Depth from new additions proved to be one of the biggest reasons for the Islanders success in 2013
|First-year Islanders Lubomir Visnovsky (left) and Thomas Hickey (right) proved to be a reliable defensive pair, combining for a plus-21 rating (Photo: Getty Images).|
Coming into 2013 Training Camp, it was a foregone conclusion that the Islanders makeup was going to be far different from the previous season. With only three returning blueliners from the 2011-12 squad, and the need for another veteran center, General Manager Garth Snow made a series of acquisitions to give the Islanders a level of depth they hadn’t enjoyed in years.
Over the offseason, the club had already added defenseman Matt Carkner and forward Eric Boulton to give the lineup some toughness. Brad Boyes was inked to fill a top-line role, while power play whiz Lubomir Visnovsky, acquired in a draft day trade, added some versatility to the back end.
But it was a five-day span during mid-January that saw the Islander add defensemen Radek Martinek, Joe Finley, Thomas Hickey and Brian Strait, as well as center Keith Aucoin. Suddenly, the team had nine serviceable blueliners, as well as a pivot in Aucoin with more than 800 games of professional experience under his belt.
The end result was a roster filled with players that had something to prove, all hungry for playing time.
“It probably pushed everyone’s level of play,” Aucoin said. “We had a lot of guys here and everybody wanted to be in the lineup, so everybody was working hard at practice and hard in the games. Everybody wanted to produce. There were no egos on this team. Everybody had one goal and that was winning. It didn’t matter how we did it.”
The Islanders carried two extra defensemen for the early part of the season, which came in handy after Carkner went down with a groin injury in early February and Strait suffered a broken ankle less than two weeks later. All nine blueliners played significant minutes against top forwards at some point during the season.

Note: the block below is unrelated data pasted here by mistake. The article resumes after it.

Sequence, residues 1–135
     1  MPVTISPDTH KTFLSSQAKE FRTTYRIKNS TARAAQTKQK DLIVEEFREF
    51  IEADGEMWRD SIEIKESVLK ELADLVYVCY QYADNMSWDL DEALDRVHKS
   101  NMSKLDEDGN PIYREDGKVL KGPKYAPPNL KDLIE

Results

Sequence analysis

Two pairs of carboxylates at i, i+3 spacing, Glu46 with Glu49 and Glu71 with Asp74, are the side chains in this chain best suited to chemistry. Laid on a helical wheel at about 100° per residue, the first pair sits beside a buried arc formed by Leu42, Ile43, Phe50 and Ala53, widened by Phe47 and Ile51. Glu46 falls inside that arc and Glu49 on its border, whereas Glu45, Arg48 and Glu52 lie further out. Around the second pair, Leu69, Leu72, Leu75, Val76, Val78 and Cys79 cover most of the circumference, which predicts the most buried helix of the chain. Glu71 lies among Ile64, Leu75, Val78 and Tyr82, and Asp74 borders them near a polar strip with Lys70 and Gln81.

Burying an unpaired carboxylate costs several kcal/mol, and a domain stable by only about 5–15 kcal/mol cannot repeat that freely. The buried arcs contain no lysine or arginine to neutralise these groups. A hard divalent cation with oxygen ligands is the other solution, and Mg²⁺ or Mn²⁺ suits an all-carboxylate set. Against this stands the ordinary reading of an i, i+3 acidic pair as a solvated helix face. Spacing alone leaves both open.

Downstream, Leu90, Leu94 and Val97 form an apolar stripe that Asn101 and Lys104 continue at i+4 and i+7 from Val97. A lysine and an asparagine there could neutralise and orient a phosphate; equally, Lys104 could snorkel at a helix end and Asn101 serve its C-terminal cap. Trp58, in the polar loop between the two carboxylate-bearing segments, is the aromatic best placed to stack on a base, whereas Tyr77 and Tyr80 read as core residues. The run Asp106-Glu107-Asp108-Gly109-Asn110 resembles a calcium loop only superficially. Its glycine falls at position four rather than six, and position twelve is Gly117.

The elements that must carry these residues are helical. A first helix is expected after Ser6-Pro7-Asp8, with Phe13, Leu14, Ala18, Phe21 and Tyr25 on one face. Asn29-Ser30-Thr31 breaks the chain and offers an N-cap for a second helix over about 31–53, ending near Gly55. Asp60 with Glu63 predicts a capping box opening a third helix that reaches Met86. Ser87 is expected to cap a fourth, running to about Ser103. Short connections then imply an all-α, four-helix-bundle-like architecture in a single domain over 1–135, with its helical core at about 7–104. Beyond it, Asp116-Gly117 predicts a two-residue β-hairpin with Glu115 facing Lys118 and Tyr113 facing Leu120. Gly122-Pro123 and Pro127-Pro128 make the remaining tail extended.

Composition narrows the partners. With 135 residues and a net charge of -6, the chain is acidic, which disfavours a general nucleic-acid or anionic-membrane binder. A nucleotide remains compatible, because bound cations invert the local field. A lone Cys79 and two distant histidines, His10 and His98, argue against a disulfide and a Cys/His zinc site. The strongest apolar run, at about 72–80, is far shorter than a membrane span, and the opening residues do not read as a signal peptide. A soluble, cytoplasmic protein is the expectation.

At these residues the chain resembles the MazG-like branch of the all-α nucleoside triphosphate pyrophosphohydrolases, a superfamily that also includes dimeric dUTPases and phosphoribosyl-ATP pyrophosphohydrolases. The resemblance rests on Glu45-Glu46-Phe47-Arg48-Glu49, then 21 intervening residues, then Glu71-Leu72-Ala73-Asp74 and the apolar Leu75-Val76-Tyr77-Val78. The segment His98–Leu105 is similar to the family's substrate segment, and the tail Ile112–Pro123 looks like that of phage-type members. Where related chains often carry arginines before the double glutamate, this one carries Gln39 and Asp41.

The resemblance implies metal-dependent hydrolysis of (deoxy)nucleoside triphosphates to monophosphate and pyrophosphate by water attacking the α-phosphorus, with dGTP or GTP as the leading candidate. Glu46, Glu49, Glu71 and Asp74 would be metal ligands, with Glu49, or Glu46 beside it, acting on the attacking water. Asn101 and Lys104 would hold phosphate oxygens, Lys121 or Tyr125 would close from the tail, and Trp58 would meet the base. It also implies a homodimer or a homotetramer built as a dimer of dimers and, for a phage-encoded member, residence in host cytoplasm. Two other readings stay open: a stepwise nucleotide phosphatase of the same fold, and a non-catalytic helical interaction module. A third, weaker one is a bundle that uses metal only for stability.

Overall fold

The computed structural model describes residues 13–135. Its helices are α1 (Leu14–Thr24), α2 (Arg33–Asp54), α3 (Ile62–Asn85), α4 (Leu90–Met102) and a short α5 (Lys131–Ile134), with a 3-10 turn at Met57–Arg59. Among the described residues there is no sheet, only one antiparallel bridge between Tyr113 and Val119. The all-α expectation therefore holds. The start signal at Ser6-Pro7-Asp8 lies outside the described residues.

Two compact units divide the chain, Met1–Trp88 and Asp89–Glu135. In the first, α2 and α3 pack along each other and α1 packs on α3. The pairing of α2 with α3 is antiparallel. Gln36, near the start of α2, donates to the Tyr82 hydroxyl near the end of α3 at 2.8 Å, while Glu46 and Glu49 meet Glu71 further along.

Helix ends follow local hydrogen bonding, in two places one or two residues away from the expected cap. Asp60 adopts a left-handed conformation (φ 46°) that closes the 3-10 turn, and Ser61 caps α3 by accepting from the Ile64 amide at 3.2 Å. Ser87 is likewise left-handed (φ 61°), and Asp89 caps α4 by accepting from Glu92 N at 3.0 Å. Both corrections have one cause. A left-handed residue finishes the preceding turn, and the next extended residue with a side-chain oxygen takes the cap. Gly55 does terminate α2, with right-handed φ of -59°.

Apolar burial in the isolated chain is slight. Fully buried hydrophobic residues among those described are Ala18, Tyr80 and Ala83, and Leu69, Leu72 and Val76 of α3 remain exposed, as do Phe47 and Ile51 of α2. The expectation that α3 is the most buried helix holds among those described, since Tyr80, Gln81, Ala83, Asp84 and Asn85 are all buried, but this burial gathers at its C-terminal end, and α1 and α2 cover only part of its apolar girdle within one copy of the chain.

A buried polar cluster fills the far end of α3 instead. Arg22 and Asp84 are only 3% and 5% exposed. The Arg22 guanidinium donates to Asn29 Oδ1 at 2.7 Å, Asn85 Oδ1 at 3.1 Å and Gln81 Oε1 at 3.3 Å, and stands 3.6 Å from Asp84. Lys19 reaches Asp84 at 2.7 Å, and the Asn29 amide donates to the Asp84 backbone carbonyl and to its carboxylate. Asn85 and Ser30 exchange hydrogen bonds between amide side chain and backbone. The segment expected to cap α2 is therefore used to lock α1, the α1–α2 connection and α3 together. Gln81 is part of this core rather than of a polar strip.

Although the defensemen were up against each other every day in practice, it didn’t result in any bad blood. Instead, it fostered a bond among teammates.
“There can be animosity between players when you are rotated in and out for each other, but I think this year everyone just knew our D-corps was solid,” Carkner said. “We had great players and we wanted to keep them game ready. When they came in, we did our job and everyone was trying to pump each other up so the team could win.”
Throughout the season, competition among the forwards also grew fierce, as the Islanders gained forwards Josh Bailey and Jesse Joensuu, who both missed the early part of the season with injuries. Visnovsky joined the squad in early February, helping kick-start the team out of a five-game losing skid.
As the season wore on, Head Coach Jack Capuano used a different lineup seemingly every game depending on the matchup. Players shuffled in and out, viewing each game in the lineup as an audition. Perhaps the player who personified that the most was the 24-year-old rookie Hickey; he made his NHL debut in January and finished the season behind only his 36-year-old defense partner Visnovsky with a plus-9 rating in 39 games.
“Hicks and Viz - we always joked around with them that they were the shortest combo in the league, but the way they moved the puck and held possession was great,” said fellow defenseman Andrew MacDonald. “It was fun to watch Hickey and to see his confidence grow throughout the season. I thought Garth did a really good job picking those guys up. Everyone did a really great job and toward the end of the year when we were rolling, they were a huge part of it.”
Despite – or maybe because of – the frequent lineup shifting, the Islanders maintained a strong sense of team chemistry, skating to an 11-2-4 record over the last 17 games. Defensive stalwart Travis Hamonic was impressed by the way young players and veterans alike shuffled in and out of the lineup.
“You look at our back end – we picked up Hickey, Strait and Finley off waivers, and those guys played really well and played in tough situations when we needed them,” Hamonic said. “Even up front, we had a lot of depth. It’s not the easiest thing in the world to change lineups, especially when injuries happen down the stretch, but that’s part of the game. It was a good transition whenever we had people jump in and out of the lineup.”
Many questions regarding personnel need to be answered in the upcoming months preceding Training Camp. The competition will intensify as more prospects are added to the mix to challenge for roster spots, but if this year is any indication, that will only lead to greater team chemistry and ultimately, greater on-ice success.